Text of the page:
Bring a little lightness to the new year with a new, easy recipe for roasted broccoli with a Asian twist! This Szechuan roasted broccoli is sweet and tangy, and ready in a flash!
What is the dish count for this Szechuan Roasted Broccoli recipe?
You will need:
- 1 Small bowl
- 1 Sheet Pan
- 1 Cutting Board
Let’s talk about the other side of blogging for a second.
It’s a new year and I am fired up and ready. Emphasis on the fired up, because last week something really got me heated. I made it a point to never read the comments on articles, particularly on Facebook, but one in particular that was written with the sole purpose of telling food bloggers to leave out the personal stories, diatribes and narrations, and just “get to the recipe!”. And it struck a chord with me for several reasons.
The backstory to all of this is that for many, including myself when I first started eight and a half years ago, started their blogs because it was a hobby. It evolved, and for some food bloggers, this is their sole income. For me, I have a full time job, and while this is something I do when I am not at work, it is still a job that earns me money and affords me opportunities I wouldn’t normally have. For that, I am eternally thankful. I am also grateful and fulfilled by the kind comments I get from people who want the recipes I provide, that I have worked on, and made with a great deal of love to bring people together. Food and time spent being of service to others is my love language and when it connects with others, it makes me blissfully happy. And hearing that from people is among the greatest compliments we food bloggers could receive.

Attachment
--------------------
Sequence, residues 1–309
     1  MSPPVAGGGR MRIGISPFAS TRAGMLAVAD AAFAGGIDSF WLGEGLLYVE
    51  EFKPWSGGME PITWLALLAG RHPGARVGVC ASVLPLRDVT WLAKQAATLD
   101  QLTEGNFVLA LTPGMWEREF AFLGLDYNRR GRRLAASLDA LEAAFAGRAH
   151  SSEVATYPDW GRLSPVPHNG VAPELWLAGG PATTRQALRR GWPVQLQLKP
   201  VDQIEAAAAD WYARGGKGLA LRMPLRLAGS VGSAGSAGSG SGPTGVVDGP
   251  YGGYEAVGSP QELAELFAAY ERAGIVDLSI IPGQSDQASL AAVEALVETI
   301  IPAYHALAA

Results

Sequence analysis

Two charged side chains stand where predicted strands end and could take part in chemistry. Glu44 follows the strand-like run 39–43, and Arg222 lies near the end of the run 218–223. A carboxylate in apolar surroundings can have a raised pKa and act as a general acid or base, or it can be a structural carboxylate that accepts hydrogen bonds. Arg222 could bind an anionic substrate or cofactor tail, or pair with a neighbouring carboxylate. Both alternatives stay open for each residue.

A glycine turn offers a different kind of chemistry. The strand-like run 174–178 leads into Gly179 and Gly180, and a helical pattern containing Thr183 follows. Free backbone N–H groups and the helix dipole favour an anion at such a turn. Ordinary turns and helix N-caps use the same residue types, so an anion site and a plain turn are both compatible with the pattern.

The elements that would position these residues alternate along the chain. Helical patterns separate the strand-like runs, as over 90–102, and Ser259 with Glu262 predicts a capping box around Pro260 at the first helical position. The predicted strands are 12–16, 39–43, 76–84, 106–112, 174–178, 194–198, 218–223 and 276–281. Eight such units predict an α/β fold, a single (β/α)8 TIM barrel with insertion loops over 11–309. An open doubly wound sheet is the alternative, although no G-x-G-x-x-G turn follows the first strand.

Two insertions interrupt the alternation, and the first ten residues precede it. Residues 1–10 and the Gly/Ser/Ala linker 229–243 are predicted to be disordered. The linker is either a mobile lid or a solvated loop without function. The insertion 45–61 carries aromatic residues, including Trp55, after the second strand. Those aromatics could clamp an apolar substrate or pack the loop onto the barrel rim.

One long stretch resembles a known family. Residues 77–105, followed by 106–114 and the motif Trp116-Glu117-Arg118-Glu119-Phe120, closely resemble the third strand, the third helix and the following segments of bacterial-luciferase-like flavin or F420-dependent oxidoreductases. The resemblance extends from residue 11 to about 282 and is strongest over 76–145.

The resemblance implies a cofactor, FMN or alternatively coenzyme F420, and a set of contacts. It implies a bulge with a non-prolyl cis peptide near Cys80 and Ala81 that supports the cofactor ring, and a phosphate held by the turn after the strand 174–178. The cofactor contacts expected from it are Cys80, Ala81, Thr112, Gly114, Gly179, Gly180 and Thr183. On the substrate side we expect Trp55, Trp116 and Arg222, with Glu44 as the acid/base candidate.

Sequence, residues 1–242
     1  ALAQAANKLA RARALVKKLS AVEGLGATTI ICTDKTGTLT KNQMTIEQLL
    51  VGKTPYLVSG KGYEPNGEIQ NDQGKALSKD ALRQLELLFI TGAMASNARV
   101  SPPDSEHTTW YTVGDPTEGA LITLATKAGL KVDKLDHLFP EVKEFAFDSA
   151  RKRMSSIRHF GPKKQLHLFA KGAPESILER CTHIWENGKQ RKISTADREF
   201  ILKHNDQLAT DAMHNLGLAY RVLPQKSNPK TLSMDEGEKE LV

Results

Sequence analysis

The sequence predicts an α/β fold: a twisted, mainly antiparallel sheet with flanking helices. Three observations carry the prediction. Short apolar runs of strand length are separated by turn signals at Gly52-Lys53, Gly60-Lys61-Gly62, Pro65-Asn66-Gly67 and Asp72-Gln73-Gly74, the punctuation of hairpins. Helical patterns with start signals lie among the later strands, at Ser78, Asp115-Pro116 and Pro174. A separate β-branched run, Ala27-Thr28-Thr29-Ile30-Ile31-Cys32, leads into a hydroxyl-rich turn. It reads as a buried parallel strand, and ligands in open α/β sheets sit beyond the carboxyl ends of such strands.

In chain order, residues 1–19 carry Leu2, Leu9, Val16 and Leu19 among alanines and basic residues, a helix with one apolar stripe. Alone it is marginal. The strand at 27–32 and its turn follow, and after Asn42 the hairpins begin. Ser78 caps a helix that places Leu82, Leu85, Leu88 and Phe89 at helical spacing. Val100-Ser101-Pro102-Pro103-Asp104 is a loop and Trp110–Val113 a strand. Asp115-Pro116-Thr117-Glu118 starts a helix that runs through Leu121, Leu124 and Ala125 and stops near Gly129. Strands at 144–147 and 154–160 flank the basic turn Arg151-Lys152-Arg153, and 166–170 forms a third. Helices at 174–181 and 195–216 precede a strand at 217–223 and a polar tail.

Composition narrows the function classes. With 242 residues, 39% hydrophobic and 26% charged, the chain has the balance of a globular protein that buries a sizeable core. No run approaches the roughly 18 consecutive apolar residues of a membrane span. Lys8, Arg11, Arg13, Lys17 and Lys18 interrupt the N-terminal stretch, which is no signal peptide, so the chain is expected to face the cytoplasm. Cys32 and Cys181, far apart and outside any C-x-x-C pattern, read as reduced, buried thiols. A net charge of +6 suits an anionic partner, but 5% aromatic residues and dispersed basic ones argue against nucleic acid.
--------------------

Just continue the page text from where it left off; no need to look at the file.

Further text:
But there is another side. And it is not always sunny.
There are those readers who just want to click, and get the recipe, and are annoyed by the fact that we include words, personal stories, and lots of photos that we have taken of one dish to create an experience for people. And the kicker is, we have done this to provide people with a recipe, for free. But, it is not free for us who have created it.
And this is where I lost my cool. There was some swearing. Whoops. This Slate article detailed the painstaking scrolling that one must do when they come to a blog to get to a free recipe, and what an inconvenience that is. It was disheartening to read the hundreds of comments that were saying “THANK YOU, it’s so annoying!” and “So anyone who posts on the internet is a content creator now? Geez!”. And this is where I jumped in to hopefully explain. Bet you can guess how well that went…
I got everything from “see, we’re readers, do what we want!”, “you don’t have to write a blog you know…”, “this blogger is unhinged!”, to calling me a “C*nt”. Not. even. joking.
This is where I realized that because I write a “blog” it is automatically deemed less relevant, less meaningful, and less professional than the larger food sites that also provide free content to readers. But this is my business and we do everything the same as the larger sites do, but with one person, not teams.